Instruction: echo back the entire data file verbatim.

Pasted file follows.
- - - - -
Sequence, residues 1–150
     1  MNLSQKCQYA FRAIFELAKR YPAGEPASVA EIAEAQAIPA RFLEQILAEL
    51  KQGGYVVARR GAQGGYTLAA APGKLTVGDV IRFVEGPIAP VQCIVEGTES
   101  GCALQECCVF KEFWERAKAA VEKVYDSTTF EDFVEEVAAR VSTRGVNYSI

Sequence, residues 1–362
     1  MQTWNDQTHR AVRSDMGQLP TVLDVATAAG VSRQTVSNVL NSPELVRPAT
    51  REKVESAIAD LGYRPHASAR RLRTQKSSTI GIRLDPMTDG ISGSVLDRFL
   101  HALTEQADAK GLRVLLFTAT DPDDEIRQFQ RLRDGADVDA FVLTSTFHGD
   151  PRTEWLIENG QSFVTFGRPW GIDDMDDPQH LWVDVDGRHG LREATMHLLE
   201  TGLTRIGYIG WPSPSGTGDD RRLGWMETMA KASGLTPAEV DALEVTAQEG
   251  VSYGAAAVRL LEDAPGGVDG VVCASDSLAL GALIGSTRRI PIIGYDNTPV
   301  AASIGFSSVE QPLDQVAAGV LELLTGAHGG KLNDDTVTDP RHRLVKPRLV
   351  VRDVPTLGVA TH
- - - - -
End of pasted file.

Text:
Sequence, residues 1–150
     1  MNLSQKCQYA FRAIFELAKR YPAGEPASVA EIAEAQAIPA RFLEQILAEL
    51  KQGGYVVARR GAQGGYTLAA APGKLTVGDV IRFVEGPIAP VQCIVEGTES
   101  GCALQECCVF KEFWERAKAA VEKVYDSTTF EDFVEEVAAR VSTRGVNYSI

Sequence, residues 1–362
     1  MQTWNDQTHR AVRSDMGQLP TVLDVATAAG VSRQTVSNVL NSPELVRPAT
    51  REKVESAIAD LGYRPHASAR RLRTQKSSTI GIRLDPMTDG ISGSVLDRFL
   101  HALTEQADAK GLRVLLFTAT DPDDEIRQFQ RLRDGADVDA FVLTSTFHGD
   151  PRTEWLIENG QSFVTFGRPW GIDDMDDPQH LWVDVDGRHG LREATMHLLE
   201  TGLTRIGYIG WPSPSGTGDD RRLGWMETMA KASGLTPAEV DALEVTAQEG
   251  VSYGAAAVRL LEDAPGGVDG VVCASDSLAL GALIGSTRRI PIIGYDNTPV
   301  AASIGFSSVE QPLDQVAAGV LELLTGAHGG KLNDDTVTDP RHRLVKPRLV
   351  VRDVPTLGVA TH